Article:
2014 GSA Annual Meeting in Vancouver, British Columbia (19–22 October 2014)

Paper No. 99-2
Presentation Time: 8:15 AM


GRAW, Jordan1, HANSEN, Samantha E.1 and ADAMS, Aubreya2, (1)Geological Sciences Department, The University of Alabama, 2031 Bevill Bldg, Tuscaloosa, AL 35487, (2)Washington University in St. Louis, St. Louis, MO 63130, jhgraw@gmail.com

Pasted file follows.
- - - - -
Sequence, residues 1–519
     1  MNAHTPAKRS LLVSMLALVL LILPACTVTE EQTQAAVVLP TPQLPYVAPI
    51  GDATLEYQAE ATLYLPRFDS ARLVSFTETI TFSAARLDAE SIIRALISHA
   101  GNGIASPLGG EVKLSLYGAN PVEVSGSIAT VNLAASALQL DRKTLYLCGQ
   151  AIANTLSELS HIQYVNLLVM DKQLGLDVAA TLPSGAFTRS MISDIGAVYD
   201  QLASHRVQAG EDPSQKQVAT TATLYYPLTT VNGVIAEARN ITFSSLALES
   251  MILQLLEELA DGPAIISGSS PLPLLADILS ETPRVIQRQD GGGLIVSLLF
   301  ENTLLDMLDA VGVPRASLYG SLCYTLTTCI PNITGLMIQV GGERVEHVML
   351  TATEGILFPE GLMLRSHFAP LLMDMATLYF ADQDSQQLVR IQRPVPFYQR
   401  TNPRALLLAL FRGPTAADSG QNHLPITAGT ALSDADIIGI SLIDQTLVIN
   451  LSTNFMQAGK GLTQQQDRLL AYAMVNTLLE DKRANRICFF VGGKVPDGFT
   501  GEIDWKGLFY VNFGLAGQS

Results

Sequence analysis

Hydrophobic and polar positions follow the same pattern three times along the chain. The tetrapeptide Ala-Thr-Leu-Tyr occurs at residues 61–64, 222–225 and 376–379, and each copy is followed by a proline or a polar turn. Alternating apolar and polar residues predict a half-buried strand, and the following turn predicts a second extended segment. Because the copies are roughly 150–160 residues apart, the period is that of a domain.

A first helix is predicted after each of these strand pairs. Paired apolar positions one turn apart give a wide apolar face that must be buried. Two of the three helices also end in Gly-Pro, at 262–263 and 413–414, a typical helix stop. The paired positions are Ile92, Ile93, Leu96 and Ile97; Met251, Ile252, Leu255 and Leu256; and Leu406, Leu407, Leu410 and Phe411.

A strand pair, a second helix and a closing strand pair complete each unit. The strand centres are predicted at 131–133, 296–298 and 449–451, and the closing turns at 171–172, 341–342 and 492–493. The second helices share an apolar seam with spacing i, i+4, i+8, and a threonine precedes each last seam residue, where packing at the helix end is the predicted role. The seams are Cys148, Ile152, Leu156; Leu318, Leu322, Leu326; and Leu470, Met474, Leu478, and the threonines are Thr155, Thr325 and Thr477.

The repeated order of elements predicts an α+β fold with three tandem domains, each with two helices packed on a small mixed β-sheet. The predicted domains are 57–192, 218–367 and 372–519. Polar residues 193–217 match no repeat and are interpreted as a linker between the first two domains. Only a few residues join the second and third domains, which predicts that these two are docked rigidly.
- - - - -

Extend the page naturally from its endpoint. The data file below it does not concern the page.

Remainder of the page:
The Transantarctic Mountains (TAMS) are the largest non-compressional mountain chain on earth. They extend along strike 4000 km, reach elevations of ~4500 m, and separate low-lying west Antarctica from topographically high east Antarctica. The Wilkes Subglacial Basin (WSB) lies inland, east of the TAMS, extending from the Oates Coast to Southern Victoria Land. The origin of both the TAMS and WSB is unknown, and investigation into the area will provide insight towards an uplift and subsidence mechanism for each area. Data used to study the area are recorded using the Transantarctic Mountains Northern Network (TAMNNET) broadband seismic array. Rayleigh wave phase velocities are sampled at 25 periods, ranging from 18 to 182 s, and are used to create phase velocity maps of the area. Phase velocities are calculated using a two-plane wave method, and the resultant dispersion curves are inverted for shear wave velocity structure. Shear wave velocity is smoothed across the entire study area using a Gaussian weighted smoothing parameter creating a pseudo-3-D shear velocity model. Results show slow shear velocities (<4.5 km s-1) along the coast and slightly inland with fast velocities (>4.55 km s-1) towards the eastern WSB. The boundary from slow to fast shear wave velocity is detected underneath the TAMS as opposed to previous studies positioning this transition zone below the coast, and the transition to faster velocities under the eastern WSB is abrupt. The slow shear wave velocity zone underneath the TAMS extends to a depth of ~250 km and appears to extend both north and south of the TAMNNET study area, indicating a continuous zone of slow upper mantle shear velocities along strike. The discovery of a continuous slow velocity body underneath the TAMS could indicate a plausible uplift mechanism for the mountain chain. The abrupt transition zone from slow to fast velocities could also better define and characterize the eastern WSB. Analyses are ongoing to improve resolution and interpretation of the area, and preliminary results will be shown.